/Chicago Mayor Is Drowned Out by Boos at Union Fundraiser

Chicago Mayor Is Drowned Out by Boos at Union Fundraiser

Chicago Mayor Lori Lightfoot was booed at a union fundraiser this weekend.

At Sunday’s annual fundraiser for Plumbers Union Local 130 (the first union to endorse her 2019 runoff election), the Democratic mayor received an unpleasant reception, according to the Chicago Sun-Times .

Unidentified attendee told the outlet Lightfoot was “booed off stage” after speaking for less that a minute.

The person replied, “Almost deafening.” “I was sitting at a table with a bunch plumbers. They are like, “We’ve never heard it before here.” Clearly, they don’t belong to her. They were calling her names. They called her names. It was awful.”

After being picked up by conservative media, video purportedly taken at this event was circulated via social media on Wednesday. It featured Jim Coyne (the union’s business manager), introducing Lightfoot, and there was a lot of applause as she took to the podium.

One person in the video said, “I knew it was going to happen,”

“That’s f—-ing brutal,” another person said in the video.

Officials from the union downplayed the boos. Pat McCarthy, the union’s recording secretary, stated that Lightfoot was able finish her remarks.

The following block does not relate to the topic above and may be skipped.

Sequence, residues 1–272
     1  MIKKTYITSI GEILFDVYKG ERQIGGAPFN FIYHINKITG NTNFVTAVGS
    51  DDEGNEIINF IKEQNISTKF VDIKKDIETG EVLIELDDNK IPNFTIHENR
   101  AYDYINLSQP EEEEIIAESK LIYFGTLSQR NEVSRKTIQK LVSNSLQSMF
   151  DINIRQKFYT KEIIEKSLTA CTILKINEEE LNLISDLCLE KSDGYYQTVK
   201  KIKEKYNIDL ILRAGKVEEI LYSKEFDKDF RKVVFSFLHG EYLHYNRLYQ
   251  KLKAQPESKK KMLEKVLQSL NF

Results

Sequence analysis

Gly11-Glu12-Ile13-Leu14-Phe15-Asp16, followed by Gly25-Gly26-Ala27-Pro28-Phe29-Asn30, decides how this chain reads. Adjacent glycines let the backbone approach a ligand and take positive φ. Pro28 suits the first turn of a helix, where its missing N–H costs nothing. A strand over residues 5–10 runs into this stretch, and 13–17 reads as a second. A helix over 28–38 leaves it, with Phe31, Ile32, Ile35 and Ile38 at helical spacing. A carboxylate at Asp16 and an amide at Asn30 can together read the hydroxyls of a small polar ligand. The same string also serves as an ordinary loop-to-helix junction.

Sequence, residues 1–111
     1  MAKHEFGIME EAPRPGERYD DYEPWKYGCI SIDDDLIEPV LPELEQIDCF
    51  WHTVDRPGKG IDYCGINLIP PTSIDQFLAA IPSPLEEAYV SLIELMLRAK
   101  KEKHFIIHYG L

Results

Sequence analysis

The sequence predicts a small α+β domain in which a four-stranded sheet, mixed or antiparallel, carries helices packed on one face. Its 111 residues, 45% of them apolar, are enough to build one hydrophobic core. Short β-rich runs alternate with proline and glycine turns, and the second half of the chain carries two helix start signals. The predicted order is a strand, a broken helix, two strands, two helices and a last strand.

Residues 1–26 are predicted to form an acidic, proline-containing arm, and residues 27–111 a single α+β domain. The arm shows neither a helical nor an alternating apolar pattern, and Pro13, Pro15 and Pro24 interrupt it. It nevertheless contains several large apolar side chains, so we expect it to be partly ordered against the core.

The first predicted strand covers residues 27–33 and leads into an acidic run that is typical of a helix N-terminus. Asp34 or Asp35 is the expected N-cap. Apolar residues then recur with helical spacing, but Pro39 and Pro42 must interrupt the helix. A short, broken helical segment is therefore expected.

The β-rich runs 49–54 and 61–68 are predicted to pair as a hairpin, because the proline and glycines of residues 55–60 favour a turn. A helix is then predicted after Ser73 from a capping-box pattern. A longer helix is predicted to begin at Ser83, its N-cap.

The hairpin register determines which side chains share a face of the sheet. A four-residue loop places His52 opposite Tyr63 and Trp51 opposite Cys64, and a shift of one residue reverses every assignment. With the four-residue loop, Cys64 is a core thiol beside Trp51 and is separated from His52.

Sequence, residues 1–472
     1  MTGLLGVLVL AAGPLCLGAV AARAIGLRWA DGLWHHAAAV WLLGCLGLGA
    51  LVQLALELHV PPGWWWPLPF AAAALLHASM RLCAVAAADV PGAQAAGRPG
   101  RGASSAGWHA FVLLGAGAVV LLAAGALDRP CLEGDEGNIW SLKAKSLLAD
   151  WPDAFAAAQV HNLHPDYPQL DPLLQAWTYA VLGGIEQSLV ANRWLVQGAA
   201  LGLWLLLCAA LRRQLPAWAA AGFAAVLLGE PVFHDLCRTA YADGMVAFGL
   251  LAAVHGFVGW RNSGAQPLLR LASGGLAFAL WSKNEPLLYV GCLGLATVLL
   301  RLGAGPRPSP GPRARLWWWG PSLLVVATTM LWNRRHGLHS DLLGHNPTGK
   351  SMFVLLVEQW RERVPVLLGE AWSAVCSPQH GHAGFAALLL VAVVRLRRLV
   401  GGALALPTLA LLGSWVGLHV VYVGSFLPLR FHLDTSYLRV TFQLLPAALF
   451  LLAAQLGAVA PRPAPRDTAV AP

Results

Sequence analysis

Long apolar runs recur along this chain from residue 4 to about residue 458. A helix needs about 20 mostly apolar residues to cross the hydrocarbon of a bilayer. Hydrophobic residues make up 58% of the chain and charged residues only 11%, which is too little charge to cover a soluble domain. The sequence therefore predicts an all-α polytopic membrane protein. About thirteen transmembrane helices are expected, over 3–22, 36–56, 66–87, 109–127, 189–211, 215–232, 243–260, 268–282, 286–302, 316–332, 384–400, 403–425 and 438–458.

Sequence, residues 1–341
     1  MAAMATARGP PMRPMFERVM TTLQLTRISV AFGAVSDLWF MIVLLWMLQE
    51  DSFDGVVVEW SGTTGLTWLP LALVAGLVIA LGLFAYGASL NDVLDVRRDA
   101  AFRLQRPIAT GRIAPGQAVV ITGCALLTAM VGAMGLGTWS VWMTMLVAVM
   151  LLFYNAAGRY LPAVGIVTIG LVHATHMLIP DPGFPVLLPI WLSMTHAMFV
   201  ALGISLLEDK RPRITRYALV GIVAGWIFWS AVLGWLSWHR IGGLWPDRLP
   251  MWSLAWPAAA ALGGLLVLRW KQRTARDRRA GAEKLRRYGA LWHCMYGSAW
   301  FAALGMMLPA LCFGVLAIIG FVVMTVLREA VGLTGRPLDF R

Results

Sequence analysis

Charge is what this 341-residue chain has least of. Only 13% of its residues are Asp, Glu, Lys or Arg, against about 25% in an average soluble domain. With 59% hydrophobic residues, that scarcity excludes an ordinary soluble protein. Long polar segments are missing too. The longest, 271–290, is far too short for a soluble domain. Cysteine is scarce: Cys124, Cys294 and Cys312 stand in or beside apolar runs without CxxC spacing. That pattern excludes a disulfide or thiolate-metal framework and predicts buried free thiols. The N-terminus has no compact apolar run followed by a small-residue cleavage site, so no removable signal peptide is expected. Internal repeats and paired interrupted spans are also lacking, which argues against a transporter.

“I was there when she was speaking. There were a couple of people in the corner that booed. But it was nothing significant. And it didn’t disrupt the event at all,” McCarthy told the Sun-Times. “I would have to suspect whoever was booing at that event was not a member of this local. … We respect her and we have no problems with the mayor.”

Lightfoot’s political director, Dave Mellet, said he’s confident the union will endorse the mayor’s reelection in 2023.

“I don’t believe that she was, quote-unquote, ‘booed’ at this event,” he told the outlet. “I believe she was well received. There may have been a couple of people in the room who came in there to shout and be loud.”

Unions are furious at Lightfoot’s mandate for city workers to report COVID-19 vaccination status, or face unpaid leave.

Fraternal Order of Police (FOP) President John Catanzara said it’s not just his union but first responders, firefighters and labor unions that oppose the mandate. He instructed officers to apply for exemptions from receiving vaccines, and gave instructions on what to do if they were given a direct order to update the city portal about their vaccination status.

Since then, both sides have taken legal action against one another. Catanzara was granted a temporary injunction by a judge to stop Catanzara making public comments encouraging FOP members not to comply with the COVID-19 vaccination mandate. This will be until the next hearing regarding the city’s lawsuit, which is scheduled for Oct. 25.

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